As discussed previously on this blog, more Americans have pets than ever before. We love our pets like children, so it’s only natural that we want to ensure they’re provided for if we’re unable to. In addition to creating a will and powers of attorney, you can ensure your pet is cared for by creating a pet trust.
Like many states, Texas law provides a way for you to create legally binding documents that will ensure your pet will be taken care of in the manner of your choosing. Texas Property Code § 112.037 specifically allows the creation of a trust benefitting a pet. Put simply, funds may be set aside for the pet’s care so long as the pet was alive and cared for during your lifetime. The trust will then automatically terminate upon the death of the last animal covered by the trust.
Trusts have their own legal language, but it’s easy to understand. The Settlor of the trust is the person creating it. The Trustee is the person who has authority to hold the assets and maintain it. The Beneficiary is who benefits from the assets held by the trustee, in this case, your pet. Your trustee should be someone who is competent with money handling. While they don’t have to be a financial guru, someone who has a poor track record with money management shouldn’t be your first choice. Further, it’s important to note that the trustee need not be your pet’s caregiver. You might want to appoint different persons serve as caregiver and trustee to create accountability, but can still have your pet’s caregiver serve as trustee if you feel that’s the best decision.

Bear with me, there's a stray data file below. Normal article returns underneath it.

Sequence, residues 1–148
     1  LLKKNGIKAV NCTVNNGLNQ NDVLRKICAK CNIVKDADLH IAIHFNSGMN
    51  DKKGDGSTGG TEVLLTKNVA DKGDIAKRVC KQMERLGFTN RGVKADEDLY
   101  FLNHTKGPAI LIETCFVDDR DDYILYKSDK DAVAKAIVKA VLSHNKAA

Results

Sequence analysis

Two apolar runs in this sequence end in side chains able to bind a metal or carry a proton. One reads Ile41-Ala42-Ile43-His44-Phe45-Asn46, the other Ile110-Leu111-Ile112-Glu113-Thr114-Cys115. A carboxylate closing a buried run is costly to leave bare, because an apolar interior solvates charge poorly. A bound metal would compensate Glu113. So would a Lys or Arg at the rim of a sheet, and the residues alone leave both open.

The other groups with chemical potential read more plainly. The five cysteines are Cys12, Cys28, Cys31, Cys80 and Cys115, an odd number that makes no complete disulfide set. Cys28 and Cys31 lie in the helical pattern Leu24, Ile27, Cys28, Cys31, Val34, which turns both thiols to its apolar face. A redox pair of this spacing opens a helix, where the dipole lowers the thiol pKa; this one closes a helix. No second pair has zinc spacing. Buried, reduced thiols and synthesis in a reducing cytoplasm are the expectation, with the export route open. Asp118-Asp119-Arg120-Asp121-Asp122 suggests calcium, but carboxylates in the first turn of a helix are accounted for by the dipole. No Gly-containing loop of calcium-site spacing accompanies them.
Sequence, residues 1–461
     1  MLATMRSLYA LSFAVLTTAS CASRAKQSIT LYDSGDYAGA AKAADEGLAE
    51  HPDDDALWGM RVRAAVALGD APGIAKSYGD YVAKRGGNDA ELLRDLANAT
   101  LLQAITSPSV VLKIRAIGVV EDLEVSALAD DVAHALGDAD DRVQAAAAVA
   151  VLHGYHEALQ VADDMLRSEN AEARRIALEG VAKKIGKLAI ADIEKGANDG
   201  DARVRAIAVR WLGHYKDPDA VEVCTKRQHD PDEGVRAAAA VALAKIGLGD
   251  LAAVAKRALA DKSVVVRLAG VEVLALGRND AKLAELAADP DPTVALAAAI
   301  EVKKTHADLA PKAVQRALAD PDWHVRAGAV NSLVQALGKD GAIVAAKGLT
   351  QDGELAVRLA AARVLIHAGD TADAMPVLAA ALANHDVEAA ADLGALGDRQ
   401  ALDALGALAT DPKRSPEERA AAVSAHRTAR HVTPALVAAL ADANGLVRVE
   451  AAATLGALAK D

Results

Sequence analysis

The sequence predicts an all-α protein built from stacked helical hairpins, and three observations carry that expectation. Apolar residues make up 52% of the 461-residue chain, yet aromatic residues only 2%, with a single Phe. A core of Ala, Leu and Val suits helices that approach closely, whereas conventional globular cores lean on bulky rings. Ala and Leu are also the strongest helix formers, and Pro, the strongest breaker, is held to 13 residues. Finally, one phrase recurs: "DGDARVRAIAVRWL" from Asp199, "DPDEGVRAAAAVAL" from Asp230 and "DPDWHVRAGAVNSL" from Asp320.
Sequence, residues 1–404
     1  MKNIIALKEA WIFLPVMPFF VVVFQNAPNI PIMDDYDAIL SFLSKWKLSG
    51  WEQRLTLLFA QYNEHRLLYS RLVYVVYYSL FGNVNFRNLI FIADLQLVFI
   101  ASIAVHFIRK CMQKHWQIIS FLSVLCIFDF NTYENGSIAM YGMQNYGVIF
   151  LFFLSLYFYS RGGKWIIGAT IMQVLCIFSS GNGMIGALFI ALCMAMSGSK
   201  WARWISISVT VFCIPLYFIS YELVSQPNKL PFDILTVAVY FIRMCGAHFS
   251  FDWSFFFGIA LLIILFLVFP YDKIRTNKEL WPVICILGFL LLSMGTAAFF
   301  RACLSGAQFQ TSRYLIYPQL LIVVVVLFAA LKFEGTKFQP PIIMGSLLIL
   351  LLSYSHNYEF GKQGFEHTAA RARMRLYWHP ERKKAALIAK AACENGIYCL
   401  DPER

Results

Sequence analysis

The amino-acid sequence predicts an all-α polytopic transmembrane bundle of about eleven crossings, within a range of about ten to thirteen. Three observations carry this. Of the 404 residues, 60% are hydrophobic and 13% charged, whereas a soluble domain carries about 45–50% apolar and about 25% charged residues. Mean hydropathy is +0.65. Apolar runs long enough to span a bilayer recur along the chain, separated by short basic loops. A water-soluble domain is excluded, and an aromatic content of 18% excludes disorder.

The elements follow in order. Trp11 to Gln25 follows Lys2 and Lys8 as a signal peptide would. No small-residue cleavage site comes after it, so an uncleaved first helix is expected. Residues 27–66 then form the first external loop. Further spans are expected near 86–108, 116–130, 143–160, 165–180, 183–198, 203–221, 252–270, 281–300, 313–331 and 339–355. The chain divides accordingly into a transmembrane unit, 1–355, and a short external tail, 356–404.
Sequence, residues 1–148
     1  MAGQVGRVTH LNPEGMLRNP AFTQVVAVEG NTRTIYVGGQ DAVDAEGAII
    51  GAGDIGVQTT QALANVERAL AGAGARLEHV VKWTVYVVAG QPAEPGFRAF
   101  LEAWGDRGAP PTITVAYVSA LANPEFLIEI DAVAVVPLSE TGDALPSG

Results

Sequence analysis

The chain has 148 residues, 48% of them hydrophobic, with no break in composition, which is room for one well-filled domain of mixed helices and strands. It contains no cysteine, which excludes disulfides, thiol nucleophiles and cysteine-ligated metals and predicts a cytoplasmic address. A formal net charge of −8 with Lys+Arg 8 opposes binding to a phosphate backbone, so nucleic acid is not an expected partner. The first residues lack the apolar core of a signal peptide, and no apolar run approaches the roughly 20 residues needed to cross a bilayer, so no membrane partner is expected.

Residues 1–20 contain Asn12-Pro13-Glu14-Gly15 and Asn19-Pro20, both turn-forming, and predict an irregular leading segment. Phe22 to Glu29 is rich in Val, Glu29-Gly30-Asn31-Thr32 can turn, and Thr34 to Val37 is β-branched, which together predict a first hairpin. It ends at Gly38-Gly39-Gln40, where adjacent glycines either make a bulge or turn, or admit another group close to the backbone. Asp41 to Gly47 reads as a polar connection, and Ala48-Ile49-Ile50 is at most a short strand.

When creating the trust, you’ll want to consider numerous factors to determine how much money should be put in and what reasonable costs of care will be. For instance, you’ll want to look at your pet’s current standard of living and the level of care you want them to receive upon your incapacitation. You should also decide how often the caregiver should report on the pet’s status to the trustee, so that there is a degree of accountability for the pet’s care. Additionally, you’ll want to determine the life expectancy of your pet and the likelihood of your pet developing any serious health-issues, as this will weigh heavily in your decision on how much money to put into the trust. Finally, you’ll want to decide what happens if there’s any money left in the trust once your pet passes away. You could have it revert back to your estate, or donate it as a gift.
Like many aspects of estate planning, pet trusts allow a great degree of flexibility. Every pet is different, so each trust should be tailored to the needs of the animal in question. For example, you wouldn’t want a pet trust drawn up for a cat to be applied to your baby cockatoo, that might live to be 80! Just the same, a St. Bernard will have different health concerns and life expectancy from a Chihuahua. The flexibility and room for customization make pet trusts invaluable tools in estate planning.
If you’re considering a will, be sure to consider your furry, feathered, or scaly friends too. They’ll thank you later.